Thursday, August 21, 2008

The Depths of Alan

Michael Schaaff, who plays Alan in "bare", sent this to me yesterday, so I am giving you all a Thursday Update :)

Originally this was going to be a journal of sorts of Alan's thoughts throughout the show. It turned into more of an essay, but Mike says it really helped him with the character even this late in the game. I think every actor should do this for their characters about halfway through the rehearsal process -- it's amazing what you discover about the character, the show, and yourself.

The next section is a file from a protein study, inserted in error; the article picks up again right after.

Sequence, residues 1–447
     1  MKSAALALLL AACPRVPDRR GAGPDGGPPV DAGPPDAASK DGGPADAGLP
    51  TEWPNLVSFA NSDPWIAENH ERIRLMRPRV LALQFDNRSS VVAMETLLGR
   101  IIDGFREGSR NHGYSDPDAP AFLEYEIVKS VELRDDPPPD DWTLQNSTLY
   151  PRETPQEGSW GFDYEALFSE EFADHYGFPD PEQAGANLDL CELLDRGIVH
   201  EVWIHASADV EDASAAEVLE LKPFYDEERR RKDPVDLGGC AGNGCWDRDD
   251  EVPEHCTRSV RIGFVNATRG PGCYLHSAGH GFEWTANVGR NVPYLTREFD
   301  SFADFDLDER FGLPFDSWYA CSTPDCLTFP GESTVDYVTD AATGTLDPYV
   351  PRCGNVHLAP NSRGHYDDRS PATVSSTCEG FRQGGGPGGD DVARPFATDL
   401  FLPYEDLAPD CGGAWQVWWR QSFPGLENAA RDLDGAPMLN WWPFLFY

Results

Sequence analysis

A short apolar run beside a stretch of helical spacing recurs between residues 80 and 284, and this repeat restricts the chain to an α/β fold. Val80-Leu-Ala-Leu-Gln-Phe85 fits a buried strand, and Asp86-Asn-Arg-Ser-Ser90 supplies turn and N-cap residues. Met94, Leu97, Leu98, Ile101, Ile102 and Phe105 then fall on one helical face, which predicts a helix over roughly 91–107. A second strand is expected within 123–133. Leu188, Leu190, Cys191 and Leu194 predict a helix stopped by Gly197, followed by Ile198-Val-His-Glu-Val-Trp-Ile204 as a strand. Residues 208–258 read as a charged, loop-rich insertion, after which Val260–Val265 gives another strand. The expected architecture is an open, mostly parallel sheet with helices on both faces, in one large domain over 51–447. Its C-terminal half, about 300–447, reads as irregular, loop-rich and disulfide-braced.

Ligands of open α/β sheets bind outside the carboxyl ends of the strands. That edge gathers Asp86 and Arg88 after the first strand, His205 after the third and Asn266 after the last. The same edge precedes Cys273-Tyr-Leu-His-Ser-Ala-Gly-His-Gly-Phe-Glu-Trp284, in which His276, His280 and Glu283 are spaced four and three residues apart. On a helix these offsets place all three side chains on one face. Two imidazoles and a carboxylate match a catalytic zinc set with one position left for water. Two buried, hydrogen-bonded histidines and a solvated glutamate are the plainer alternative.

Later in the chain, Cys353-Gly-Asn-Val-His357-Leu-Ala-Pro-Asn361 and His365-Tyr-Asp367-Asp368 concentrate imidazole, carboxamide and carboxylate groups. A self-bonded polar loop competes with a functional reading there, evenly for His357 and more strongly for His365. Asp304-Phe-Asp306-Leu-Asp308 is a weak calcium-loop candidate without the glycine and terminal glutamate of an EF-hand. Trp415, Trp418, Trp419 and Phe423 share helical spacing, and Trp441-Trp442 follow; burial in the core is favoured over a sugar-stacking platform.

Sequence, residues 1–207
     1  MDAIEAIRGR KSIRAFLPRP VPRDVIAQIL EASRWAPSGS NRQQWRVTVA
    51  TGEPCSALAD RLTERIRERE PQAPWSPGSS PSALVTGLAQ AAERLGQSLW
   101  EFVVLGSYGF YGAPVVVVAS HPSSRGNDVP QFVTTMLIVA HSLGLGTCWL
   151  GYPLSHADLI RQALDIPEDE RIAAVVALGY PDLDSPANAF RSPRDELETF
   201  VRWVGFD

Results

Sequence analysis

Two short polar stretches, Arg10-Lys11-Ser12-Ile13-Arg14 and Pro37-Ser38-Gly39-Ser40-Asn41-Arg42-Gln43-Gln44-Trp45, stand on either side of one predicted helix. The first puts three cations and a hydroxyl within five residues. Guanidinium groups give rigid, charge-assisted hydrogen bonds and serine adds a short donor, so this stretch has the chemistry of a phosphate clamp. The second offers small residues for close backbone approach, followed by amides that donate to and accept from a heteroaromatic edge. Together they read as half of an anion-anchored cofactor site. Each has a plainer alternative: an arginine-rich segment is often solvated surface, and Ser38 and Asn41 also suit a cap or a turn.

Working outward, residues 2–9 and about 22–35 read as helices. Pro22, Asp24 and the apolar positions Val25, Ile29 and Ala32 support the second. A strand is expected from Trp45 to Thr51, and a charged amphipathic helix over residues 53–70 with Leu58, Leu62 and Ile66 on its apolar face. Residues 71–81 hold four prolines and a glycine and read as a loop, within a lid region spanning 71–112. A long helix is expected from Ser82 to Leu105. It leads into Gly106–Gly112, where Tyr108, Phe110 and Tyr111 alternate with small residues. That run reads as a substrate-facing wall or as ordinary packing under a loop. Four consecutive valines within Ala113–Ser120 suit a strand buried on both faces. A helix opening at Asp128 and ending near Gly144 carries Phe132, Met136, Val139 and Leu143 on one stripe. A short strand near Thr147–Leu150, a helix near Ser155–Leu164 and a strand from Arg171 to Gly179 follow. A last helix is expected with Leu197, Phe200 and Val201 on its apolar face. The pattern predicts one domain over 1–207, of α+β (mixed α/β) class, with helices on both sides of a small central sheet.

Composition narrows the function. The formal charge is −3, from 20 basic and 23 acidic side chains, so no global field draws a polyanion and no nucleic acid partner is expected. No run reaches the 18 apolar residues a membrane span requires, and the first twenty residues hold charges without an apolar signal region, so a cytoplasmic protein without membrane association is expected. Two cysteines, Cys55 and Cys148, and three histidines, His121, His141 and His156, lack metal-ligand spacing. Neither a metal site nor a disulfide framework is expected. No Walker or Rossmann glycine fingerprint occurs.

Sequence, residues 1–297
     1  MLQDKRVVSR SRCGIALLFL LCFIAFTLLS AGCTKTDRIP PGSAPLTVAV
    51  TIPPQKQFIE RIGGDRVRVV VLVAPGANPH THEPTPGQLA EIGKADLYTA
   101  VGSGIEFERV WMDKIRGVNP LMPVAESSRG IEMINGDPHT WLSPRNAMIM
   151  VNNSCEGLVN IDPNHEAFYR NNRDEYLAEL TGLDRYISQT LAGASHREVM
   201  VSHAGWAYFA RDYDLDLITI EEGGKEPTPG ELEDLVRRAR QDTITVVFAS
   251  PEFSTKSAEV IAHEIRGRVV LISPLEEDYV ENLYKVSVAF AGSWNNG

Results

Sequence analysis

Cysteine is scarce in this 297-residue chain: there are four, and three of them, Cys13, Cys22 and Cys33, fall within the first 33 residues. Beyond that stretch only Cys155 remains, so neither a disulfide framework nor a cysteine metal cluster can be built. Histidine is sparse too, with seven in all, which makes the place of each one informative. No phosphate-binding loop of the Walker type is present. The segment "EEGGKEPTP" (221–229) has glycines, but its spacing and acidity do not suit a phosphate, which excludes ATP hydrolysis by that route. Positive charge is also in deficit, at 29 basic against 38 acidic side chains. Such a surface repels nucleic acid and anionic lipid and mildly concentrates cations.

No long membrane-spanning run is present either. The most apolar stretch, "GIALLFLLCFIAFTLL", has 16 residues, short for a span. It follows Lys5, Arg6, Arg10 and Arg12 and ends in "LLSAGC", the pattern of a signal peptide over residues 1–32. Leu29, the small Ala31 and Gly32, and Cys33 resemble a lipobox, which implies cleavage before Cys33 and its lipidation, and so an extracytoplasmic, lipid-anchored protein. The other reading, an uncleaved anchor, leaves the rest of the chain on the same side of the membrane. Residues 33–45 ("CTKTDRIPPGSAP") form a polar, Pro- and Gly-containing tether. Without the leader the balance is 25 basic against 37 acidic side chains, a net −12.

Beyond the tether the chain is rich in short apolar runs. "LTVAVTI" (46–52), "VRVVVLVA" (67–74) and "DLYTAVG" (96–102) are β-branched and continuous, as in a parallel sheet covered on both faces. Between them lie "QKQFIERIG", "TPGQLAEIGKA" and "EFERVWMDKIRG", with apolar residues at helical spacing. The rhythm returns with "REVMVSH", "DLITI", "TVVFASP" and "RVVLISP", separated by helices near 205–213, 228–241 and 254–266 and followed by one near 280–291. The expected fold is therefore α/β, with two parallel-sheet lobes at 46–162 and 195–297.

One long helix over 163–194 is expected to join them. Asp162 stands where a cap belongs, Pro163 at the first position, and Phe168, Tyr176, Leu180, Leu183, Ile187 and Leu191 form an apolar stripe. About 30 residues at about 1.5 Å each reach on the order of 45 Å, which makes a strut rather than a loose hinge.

When I was cast for this show, I was really excited about the concept. From what I had heard, it sounded great. Once I read the synopsis I was sold. I was playing the nerdy kid. Huh, I can play that cause that's what I was in high school. Long shot for me, I know. So we started up rehearsal. Initially I kinda just classified myself as ensemble and was content with just being moving scenery. As we were progressing along with rehearsals I started to wonder were Alan fit into this group who has known each other "since 7th grade". He had to be more than just moving scenery. Alan is considered the nerdy guy, counterpart to Diane. He's the standard smart, follow the rules, good student, which in high school is a nerd. He's the norm that the other guys are branched off of, making him seem plain. What makes this character special? One of the themes this show has is "hear my voice". It's about young people wanting acceptance and the way I see the Alan character, he wants to be accepted as more than just the nerd and maybe more than just a friend. Most "nerds", and anyone for that matter, can relate to the feeling of wanting to be with someone but going unnoticed. In Alan's case, it's Diane. She clearly likes Jason and Alan can't compete with that. So he remains content to be her friend, always hoping one day to be seen. When the Jason/Peter/Ivy stuff goes down, I feel that Alan is on the "intellectual" side of the responses to the situation. How would/should he respond? He's got scientific facts. There are all kinds of case studies and data showing that being gay is genetic with some influence from environment. It's the old nature vs. nurture question. Does he choose scientific fact over religion? An even more posing question is, does he choose religion over a friend? What's right? Does he go break free of the "rule-following obedient kid" mold? While he doesn't have the lines to express his feelings, as he is just an ensemble character, I feel that a friend to Alan is everything. As a nerd in high school you come to cherish your grades and your friends. High school is rough and you need support to make it through. I don't think Alan would be the kind of person to throw away a friendship. Social acceptance is vital to a "nerd". Have you ever really met a mean nerd? If you have they are very few and far between.

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